The self comes to be seen as a construction of language.

1. Structuralism (Saussure): The language structure (langue) precedes the speaker and mediates reality as a closed, oppositional system. Our identity is given by language.

2. Poststructuralism questions even the stability of the language system, further destabilizing the sense of self.

a. Foucault: Identity is a creature of power-knowledge (the way the circulations of power created discursive fields which construct identity).

“[P]ower produces knowledge ... power and knowledge directly imply one another ... there is no power relation without the correlative constitution of a field of knowledge, nor any knowledge that does not presuppose and constitute at the same time power relations.” Discipline and Punish, p.27.

“[T]ruth isn’t outside of power, or lacking power: contrary to a myth whose history and functions would repay further study, truth isn’t the reward of free spirits, the child of protracted solitude, nor the privilege of those who have succeeded in liberating themselves. Truth is a thing of this world: it is produced only by virtue of multiple forms of constraint. And it induces regular effects of power. Each society has its régime of truth, its “general politics” of truth: that is, the types of discourse which it accepts and makes function as true; the mechanisms and instances which enable one to distinguish true and false statements, the means by which each is sanctioned; the techniques and procedures accorded value in the acquisition of truth; the status of those who are charged with saying what counts as true.” Power/Knowledge, p.131.

b. Lacan: The self, born vulnerable, forms identity through identifying with “images” on a doomed quest for a unified, stable sense of self.

c. Ricoeur: The self is essentially a fiction through which we understand our lives as coherent stories (“narrative identity”). We are the stories we inhabit and tell about ourselves.

II. An Apologetic Response

A. It is insufficient simply to condemn – we must engage their position, noting insights and errors:

1. Insight: Identity is not static. They fear a false (modernist) autonomy.
2. Error:

   a. From where do we choose or resist what culture gives us?
   b. Identity is a monological creativity, and replaces modernist autonomy with one far more radical.

III. A Biblical Understanding of the Self as Given and an Ongoing Project

A. Creatural identity: Being created in God’s image is a relational dynamic. As uniquely “other responsive” creatures, our identity is both given in the image and an on-going relational project.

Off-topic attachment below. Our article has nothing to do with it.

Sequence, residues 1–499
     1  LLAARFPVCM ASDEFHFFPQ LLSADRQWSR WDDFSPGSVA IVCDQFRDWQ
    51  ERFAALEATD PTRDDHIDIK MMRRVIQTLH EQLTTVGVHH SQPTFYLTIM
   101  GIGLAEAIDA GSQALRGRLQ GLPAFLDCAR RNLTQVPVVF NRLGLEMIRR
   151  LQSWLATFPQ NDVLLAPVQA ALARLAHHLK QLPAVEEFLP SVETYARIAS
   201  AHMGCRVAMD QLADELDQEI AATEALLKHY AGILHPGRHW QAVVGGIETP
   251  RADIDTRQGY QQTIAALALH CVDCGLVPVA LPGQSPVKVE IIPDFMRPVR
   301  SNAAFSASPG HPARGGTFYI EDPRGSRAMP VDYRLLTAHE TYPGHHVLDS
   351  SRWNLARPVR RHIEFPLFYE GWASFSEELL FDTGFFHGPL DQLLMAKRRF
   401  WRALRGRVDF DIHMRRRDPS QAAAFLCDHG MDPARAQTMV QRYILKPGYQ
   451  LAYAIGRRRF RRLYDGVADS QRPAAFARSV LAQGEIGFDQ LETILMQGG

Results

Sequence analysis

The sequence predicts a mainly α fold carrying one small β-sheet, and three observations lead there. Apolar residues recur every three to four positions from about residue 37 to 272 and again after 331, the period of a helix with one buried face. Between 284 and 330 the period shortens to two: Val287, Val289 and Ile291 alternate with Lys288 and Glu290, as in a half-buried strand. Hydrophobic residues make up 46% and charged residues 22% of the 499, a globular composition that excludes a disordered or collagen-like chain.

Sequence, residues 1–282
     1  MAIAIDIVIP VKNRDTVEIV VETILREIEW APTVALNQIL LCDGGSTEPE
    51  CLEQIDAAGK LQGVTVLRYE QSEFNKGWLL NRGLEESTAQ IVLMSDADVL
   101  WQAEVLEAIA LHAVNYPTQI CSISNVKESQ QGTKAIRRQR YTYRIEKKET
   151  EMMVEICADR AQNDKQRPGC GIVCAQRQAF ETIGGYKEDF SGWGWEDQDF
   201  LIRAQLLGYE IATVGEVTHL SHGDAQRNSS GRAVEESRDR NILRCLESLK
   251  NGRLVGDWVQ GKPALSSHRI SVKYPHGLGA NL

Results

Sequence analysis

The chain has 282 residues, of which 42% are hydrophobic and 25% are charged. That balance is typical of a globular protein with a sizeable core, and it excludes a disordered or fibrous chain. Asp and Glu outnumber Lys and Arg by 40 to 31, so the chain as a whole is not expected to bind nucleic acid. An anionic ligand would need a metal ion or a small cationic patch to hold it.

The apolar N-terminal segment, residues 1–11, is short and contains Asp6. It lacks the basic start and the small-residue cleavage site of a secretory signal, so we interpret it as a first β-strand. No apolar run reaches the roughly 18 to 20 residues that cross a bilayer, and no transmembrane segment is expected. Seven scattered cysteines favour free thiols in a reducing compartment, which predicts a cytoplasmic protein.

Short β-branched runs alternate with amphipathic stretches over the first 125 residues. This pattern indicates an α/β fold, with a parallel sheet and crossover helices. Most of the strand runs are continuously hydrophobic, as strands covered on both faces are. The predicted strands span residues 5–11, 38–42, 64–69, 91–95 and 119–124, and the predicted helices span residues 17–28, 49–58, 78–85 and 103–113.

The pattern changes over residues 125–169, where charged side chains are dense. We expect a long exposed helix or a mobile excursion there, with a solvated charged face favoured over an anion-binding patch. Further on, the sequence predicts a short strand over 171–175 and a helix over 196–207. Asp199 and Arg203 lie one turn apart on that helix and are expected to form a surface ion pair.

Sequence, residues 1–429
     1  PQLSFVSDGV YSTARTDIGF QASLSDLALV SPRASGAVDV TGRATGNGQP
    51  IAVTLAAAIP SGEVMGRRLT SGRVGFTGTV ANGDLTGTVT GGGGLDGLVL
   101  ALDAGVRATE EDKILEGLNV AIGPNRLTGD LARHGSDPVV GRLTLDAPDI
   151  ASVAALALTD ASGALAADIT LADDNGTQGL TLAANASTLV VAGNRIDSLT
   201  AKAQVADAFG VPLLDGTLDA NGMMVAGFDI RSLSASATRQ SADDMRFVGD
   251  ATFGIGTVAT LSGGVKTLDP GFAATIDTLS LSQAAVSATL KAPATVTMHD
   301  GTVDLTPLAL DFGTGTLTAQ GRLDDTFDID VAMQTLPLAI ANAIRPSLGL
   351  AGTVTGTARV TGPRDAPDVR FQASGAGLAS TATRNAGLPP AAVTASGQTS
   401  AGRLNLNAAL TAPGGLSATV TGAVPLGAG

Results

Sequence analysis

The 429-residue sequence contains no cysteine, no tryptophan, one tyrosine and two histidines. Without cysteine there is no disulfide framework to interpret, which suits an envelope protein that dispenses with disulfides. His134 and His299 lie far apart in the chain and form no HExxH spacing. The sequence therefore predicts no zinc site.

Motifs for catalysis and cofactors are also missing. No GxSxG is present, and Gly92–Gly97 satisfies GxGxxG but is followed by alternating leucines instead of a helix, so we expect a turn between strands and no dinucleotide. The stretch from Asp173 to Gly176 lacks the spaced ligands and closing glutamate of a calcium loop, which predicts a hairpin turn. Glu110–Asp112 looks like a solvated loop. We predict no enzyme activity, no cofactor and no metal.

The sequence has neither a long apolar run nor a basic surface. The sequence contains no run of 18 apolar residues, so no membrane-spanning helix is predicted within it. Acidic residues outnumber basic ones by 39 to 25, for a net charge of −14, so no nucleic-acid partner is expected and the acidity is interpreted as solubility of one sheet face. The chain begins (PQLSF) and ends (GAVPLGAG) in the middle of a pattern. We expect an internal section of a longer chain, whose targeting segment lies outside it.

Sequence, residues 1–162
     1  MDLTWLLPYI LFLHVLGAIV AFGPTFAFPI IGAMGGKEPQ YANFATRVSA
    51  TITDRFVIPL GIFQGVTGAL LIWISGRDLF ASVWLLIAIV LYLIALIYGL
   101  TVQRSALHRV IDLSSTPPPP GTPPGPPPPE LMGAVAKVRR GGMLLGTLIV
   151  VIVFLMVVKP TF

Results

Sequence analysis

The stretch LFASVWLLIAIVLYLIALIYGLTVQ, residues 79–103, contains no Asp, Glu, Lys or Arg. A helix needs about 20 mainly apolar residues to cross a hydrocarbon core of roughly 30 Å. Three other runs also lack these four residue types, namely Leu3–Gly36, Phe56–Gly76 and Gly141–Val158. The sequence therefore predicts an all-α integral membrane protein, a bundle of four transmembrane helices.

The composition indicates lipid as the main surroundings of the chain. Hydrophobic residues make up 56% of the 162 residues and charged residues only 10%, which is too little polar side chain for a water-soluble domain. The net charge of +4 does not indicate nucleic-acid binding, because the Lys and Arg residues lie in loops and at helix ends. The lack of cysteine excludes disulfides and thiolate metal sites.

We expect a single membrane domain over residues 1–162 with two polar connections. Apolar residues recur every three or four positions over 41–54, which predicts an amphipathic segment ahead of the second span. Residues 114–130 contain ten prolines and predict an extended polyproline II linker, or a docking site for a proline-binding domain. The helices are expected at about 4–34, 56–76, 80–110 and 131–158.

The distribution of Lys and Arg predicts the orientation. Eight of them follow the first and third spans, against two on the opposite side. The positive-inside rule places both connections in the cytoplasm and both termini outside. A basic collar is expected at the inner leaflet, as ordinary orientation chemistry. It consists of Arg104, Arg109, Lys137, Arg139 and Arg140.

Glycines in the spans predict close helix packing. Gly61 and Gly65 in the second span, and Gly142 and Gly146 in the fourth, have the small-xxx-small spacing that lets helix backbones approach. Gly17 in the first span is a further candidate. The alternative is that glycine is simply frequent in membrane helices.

B. Fallen identity: Under sin, those relations fragment and distort our project.

C. Redeemed / Redemptive Identity: But God substantially heals that fragmentation and gives us a new identity that is both:

1. Stable / given, in light of the unchangeable facts of the cross and resurrection, and God’s adoption of me.
2. An on-going project as I try to bring the healing presence of the Kingdom to bear on those around me.


In this way, the Christian understanding of identity is uniquely equipped to offer a challenging response to those caught in postmodernism and addicted to the flux. The identity it presents is neither naïve nor sovereign, but a realistic and healing contribution to the rootlessness and isolation of postmodernity.


Dreyfus, Herbert L. and Paul Rabinow. Michel Foucault: Beyond Structuralism and Hermeneutics, 2nd ed. With an Afterword and an Interview with Michel Foucault. Chicago: University of Chicago Press, 1982.

Foucault, Michel. Power/Knowledge: Selected Interviews and Other Writings 1972-77. Ed. Colin Gordon. Trans. Colin Gordon, Leo Marshall, John Mepham, Kate Soper. New York: Pantheon Books, 1980.

_________. The History of Sexuality, vol. 1. New York: Vintage, 1980.

Freud, Sigmund. The Basic Writings of Sigmund Freud. Ed. and trans. A. A. Brill. New York: Modern Library, 1966.

Lacan, Jacques. Ecrits: A Selection. Trans. Alan Sheridan. London: Tavistock, 1977.

Lyon, David. The Steeple’s Shadow: On the Myths and Realities of Secularization. Grand Rapids, MI: Eerdmans, 1987.

________. Jesus in Disneyland: Religion in Postmodern Times. Cambridge, Polity Press, 2000.

Marx, Karl. Early Writings. Trans. Rodney Livingstone and Gregor Benton. New York: Vintage, 1975.

Nietzsche, Friedrich. The Philosophy of Nietzsche. New York: Modern Library, n.d.

Ricoeur, Paul. A Ricoeur Reader: Reflection and Imagination. Ed. Mario J. Valdés. Toronto: University of Toronto Press, 1991.

_________. Oneself as Another. Trans. Kathleen Blamey. Chicago: University of Chicago Press, 1992.

Rosenau, Pauline Marie. Post-Modernism and the Social Sciences: Insights, Inroads, and Intrusions. Princeton, NJ: Princeton University Press, 1992.

Storey, John. An Introduction to Cultural Theory and Popular Culture, 2d ed. Athens, GA: University of Georgia Press, 1998. Some good discussions of Lacan, Foucault and poststructuralism.